Chai Q, Jiao Y, Yu X (2017) Hydrogels for biomedical applications: their characteristics and the mechanisms behind them. Gels 3:6CrossRefGoogle Scholar
  23. 23.
    Hamidi M, Azadi A, Rafiei P (2008) Hydrogel nanoparticles in drug delivery. Adv Drug Deliv Rev 60:1638–1649.  https://doi.org/10.1016/j.addr.2008.08.002 CrossRefGoogle Scholar
  24. 24.
    Martínez-Ruvalcaba A, Chornet E, Rodrigue D (2007) Viscoelastic properties of dispersed chitosan/xanthan hydrogels. Carbohydr Polym 67:586–595.  https://doi.org/10.1016/j.carbpol.2006.06.033 CrossRefGoogle Scholar
  25. 25.
    Gyles DA, Castro LD, Silva JOC, Ribeiro-Costa RM (2017) A review of the designs and prominent biomedical advances of natural and synthetic hydrogel formulations. Eur Polym J 88:373–392.  https://doi.org/10.1016/j.eurpolymj.2017.01.027 CrossRefGoogle Scholar
  26. 26.
    Tanan W, Panichpakdee J, Saengsuwan S (2019) Novel biodegradable hydrogel based on natural polymers: synthesis, characterization, swelling/reswelling and biodegradability. Eur Polym J 112:678–687.  https://doi.org/10.1016/j.eurpolymj.2018.10.033 CrossRefGoogle Scholar
  27. 27.
    Xu X, Bai B, Ding C, Wang H, Suo Y (2015) Synthesis and properties of an ecofriendly superabsorbent composite by grafting the poly(acrylic acid) onto the surface of dopamine-coated sea buckthorn branches. Ind Eng Chem Res 54:3268–3278.  https://doi.org/10.1021/acs.iecr.5b00092 CrossRefGoogle Scholar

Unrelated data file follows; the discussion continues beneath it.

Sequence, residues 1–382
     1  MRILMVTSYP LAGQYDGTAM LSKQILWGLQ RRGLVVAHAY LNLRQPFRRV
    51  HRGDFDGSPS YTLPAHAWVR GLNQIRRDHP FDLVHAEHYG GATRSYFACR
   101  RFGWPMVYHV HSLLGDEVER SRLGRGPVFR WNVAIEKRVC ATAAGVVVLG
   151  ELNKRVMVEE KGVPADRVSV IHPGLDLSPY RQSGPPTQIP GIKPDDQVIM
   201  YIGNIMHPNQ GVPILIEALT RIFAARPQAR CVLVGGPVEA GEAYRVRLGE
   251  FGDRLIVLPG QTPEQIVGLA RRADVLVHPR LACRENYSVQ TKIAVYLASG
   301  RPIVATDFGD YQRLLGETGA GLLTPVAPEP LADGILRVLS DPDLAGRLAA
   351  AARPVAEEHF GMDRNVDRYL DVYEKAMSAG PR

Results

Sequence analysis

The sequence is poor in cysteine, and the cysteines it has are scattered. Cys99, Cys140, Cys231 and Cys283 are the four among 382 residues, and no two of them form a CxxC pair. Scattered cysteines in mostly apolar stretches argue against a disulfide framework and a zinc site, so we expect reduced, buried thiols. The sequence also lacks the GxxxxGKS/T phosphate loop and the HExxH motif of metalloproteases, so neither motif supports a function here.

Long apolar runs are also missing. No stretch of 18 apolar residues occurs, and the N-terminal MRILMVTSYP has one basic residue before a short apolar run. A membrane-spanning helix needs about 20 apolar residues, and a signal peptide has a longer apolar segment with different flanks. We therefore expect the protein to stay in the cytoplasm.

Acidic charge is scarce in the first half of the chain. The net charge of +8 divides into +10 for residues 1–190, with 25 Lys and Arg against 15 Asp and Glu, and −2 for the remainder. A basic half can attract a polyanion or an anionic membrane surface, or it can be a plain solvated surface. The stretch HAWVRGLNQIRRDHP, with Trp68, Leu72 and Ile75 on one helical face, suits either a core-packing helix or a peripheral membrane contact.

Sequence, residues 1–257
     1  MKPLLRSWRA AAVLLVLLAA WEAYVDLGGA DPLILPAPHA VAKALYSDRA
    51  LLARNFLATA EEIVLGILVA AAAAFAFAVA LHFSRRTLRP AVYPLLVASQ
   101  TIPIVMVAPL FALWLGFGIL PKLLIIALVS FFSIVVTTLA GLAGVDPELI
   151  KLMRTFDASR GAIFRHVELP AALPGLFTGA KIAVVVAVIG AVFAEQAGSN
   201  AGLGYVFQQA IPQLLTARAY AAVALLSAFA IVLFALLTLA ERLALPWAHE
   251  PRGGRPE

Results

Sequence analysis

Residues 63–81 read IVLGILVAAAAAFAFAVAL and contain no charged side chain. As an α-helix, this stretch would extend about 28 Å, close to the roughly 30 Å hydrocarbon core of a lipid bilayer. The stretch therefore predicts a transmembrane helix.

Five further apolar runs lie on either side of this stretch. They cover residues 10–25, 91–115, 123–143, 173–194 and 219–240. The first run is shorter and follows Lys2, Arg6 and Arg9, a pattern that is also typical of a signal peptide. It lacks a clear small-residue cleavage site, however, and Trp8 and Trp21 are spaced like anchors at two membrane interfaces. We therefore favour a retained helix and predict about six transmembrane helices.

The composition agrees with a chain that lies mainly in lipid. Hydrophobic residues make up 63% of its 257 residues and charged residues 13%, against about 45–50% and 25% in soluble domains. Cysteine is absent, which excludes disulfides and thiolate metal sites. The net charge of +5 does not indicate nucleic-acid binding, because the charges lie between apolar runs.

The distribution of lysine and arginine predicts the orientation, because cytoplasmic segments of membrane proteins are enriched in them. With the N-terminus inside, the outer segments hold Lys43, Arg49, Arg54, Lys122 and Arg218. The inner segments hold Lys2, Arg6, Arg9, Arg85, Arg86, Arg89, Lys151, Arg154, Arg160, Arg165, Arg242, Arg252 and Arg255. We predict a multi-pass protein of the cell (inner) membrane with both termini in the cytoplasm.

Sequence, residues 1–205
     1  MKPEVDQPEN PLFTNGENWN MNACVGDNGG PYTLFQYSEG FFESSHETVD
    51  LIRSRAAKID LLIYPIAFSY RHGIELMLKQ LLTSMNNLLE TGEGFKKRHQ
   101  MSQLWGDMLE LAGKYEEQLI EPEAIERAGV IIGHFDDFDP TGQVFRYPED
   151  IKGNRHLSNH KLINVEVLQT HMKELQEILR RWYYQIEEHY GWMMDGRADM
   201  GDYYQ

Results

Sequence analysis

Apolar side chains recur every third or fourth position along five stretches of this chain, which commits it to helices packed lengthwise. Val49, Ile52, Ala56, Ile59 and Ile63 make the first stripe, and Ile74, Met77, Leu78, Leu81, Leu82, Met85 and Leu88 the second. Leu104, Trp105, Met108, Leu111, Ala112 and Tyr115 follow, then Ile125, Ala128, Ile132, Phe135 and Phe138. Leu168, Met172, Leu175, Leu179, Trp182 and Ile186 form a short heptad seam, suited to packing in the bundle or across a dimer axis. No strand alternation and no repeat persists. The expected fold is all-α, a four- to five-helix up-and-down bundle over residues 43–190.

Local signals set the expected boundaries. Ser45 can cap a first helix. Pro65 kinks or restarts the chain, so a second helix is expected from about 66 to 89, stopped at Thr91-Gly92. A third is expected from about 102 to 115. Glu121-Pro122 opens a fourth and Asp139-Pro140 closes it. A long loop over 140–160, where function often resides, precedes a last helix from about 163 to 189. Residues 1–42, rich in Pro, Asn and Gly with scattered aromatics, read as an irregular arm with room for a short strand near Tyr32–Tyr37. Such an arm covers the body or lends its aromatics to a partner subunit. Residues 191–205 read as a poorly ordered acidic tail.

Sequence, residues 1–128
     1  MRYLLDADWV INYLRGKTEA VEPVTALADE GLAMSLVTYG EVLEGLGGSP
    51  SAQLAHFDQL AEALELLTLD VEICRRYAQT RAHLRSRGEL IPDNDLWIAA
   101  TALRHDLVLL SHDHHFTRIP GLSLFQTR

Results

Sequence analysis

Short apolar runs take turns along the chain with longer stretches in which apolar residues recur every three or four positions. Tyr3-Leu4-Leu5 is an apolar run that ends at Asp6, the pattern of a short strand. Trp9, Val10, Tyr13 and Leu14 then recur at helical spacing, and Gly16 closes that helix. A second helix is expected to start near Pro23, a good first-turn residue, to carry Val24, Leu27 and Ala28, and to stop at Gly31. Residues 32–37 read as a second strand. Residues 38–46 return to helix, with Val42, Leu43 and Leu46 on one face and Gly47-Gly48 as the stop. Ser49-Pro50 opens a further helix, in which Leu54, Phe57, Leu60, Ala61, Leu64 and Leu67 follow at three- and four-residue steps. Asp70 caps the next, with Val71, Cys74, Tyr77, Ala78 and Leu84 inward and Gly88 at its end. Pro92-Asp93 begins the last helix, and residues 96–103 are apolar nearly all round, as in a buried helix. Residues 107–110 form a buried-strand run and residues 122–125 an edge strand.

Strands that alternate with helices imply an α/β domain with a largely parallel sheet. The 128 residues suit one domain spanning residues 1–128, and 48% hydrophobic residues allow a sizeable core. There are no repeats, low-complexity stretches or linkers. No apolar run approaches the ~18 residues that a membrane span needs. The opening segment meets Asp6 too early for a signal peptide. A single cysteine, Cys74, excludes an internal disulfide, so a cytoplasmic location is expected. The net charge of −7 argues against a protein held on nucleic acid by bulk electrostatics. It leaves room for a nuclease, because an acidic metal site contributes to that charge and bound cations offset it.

28. 28.
    Pan G, Guo Q, Ma Y, Yang H, Li B (2013) Thermo-responsive hydrogel layers imprinted with RGDS peptide: a system for harvesting cell sheets. Angew Chem (Int Ed Engl) 52:6907–6911.  https://doi.org/10.1002/anie.201300733 CrossRefGoogle Scholar
  29. 29.
    Koetting MC, Guido JF, Gupta M, Zhang A, Peppas NA (2016) pH-responsive and enzymatically-responsive hydrogel microparticles for the oral delivery of therapeutic proteins: effects of protein size, crosslinking density, and hydrogel degradation on protein delivery. J Control Release 221:18–25.  https://doi.org/10.1016/j.jconrel.2015.11.023 CrossRefGoogle Scholar
  30. 30.
    Sionkowska A, Skopinska-Wisniewska J, Planecka A, Kozlowska J (2010) The influence of UV irradiation on the properties of chitosan films containing keratin. Polym Degrad Stab 95:2486–2491.  https://doi.org/10.1016/j.polymdegradstab.2010.08.002 CrossRefGoogle Scholar
  31. 31.
    Ciofani G, Raffa V, Pizzorusso T, Menciassi A, Dario P (2008) Characterization of an alginate-based drug delivery system for neurological applications. Med Eng Phys 30:848–855.  https://doi.org/10.1016/j.medengphy.2007.10.003 CrossRefGoogle Scholar
  32. 32.
    Ataide JA, Cefali LC, Croisfelt FM, Zanchetta B, Souto EB, Nascimento LO, Mazzola PG (2018) Wound healing process and synthetic actives: a review. Skin Pharmacol Physiol 97(8):2892–2923Google Scholar
  33. 33.